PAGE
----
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Author Topic: Hello / Questions / Suggestions  (Read 10990 times)
jeb
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« on: March 04, 2007, 01:02:19 pm »

Heya

I posted comments in the indiegamer forums, but I thought it would be better to continue the discussion here instead.

I asked why moving ships were hidden in the game, and you replied that you thought it was more fun that way. I've been thinking a lot about this, and I can't really understand how you've come to that conclusion? Tongue You said that it's an option in the custom game menu, but since I'm only on the demo version I haven't been able to test it.

Anyhow, I'm a big fan of strategy games, so that's why I'm writing here. This game is easy to compare to Galcon, with the big difference that Galcon is real-time instead of turn-based. Imagine playing Galcon without being able to see the opponents' ship movements. The strategy would become a guessing puzzle, not knowing who's attacking who, as it is in YAGSCG at the moment.

My suggestion is that all ship movements should be visible and ships should be delayed one turn (so you can see when a ship is leaving a planet). A more dramatical suggestion is that you change the game into a real-time game. Simply convert one turn into about 30 seconds, and move everything linearly in that time (ie, a factory upgrade takes 30 seconds to complete). I think it would make the game more fun... but also more like Galcon which maybe is a bad thing.

// Jeb
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Chris
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« Reply #1 on: March 05, 2007, 03:05:22 am »

Hi Jeb,

Thanks for your interest!

The reason I came to that conclusion is that the game is much more predictable when you can see enemy ships. You can see the ships coming towards your planet, so it's a simple matter to shift all your ships in that area onto that one planet so that the attack will fail. Defending becomes quite easy. Against human players this can result in stalemates. Against AIs, it makes you completely unbeatable because they're not yet smart enough to take advantage of that knowledge themselves. Smiley  (They were built with the assumption that enemy ships are not visible.) The latter is fixable, but again you have the stalemate problem.

I haven't played Galcon, but I suspect it can get away with making enemies visible exactly because it's real-time and so you don't have lots of time to think.

I'll email you a link to a time-limited full version so you can judge for yourself.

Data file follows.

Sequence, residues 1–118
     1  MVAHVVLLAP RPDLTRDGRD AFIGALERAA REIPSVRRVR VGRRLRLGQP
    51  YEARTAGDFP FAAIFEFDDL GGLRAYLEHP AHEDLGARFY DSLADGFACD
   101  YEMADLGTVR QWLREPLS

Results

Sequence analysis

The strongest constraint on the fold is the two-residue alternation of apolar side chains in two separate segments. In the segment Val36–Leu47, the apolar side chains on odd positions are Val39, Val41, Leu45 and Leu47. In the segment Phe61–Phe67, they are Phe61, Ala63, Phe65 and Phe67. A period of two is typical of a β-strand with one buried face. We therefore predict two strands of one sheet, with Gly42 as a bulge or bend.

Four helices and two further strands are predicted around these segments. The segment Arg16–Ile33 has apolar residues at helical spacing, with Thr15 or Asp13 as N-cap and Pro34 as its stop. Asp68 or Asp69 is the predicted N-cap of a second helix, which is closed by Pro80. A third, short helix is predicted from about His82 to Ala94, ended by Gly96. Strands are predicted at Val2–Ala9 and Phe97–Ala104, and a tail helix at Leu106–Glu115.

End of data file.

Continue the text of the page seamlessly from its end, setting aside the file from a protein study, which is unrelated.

Making it real-time is an interesting idea. I'm not sure the networking is quite set up for that, but I could try hacking it in to see what happens!

Cheers,
Inventive Dingo
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jeb
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« Reply #2 on: March 05, 2007, 09:55:13 am »

Hello

Thanks for letting me try the full version!

You were right that disabling "fog of war" didn't really improve the game. I like how you are able to make counter-actions, but the game became way too easy as you said it would. However, I think a big reason for that is that you are able to see the ships that are landed on the planets (the opponents' defenses). A couple of times I was able to conquer a planet with just 1 ship, since I knew that the opponent didn't have any units there. My suggestion is that the fog of war rule only applies to ships in orbit, and let the defenses remain hidden.

The stalemate problem could maybe be solved by giving planets different quality values. This is how stalemates are solved in both Galcon (large planets are better than small ones) and Pax Galaxia (yellow stars are better than brown stars).

It would be fun to see if you are able to add a real-time hack, looking forward to it  Grin

// Jeb
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Chris
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« Reply #3 on: March 06, 2007, 07:44:24 am »

My suggestion is that the fog of war rule only applies to ships in orbit, and let the defenses remain hidden.
I assume you mean "ships in transit", since the orbiting ships are the defences. Smiley

I do like that idea, since it prevents lame situations like 1 ship being able to take over planets like you mentioned. It's possible that it could exacerbate the stalemate problem though, since it effectively makes attacking harder and defending easier. Still, it's worth a try.

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The stalemate problem could maybe be solved by giving planets different quality values. This is how stalemates are solved in both Galcon (large planets are better than small ones) and Pax Galaxia (yellow stars are better than brown stars).
Giving planets different quality values (via production bonuses I suppose) is a good idea since it adds a bit more strategy. I'm not sure how it solves the stalemate problem though; could you elaborate?

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It would be fun to see if you are able to add a real-time hack, looking forward to it  Grin
Don't hold your breath, it'll probably be really buggy...  Grin
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jeb
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« Reply #4 on: March 07, 2007, 10:26:26 am »

Oh, I just meant that if there is a planet which gives more new ships than other planets, the player who conquers that planet will have time on her side.
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Chris
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« Reply #5 on: March 08, 2007, 07:35:25 am »

True, though a similar effect is already achieved if you consider that each player will probably have different amounts of planets.

Still, I'll definitely implement that anyway.
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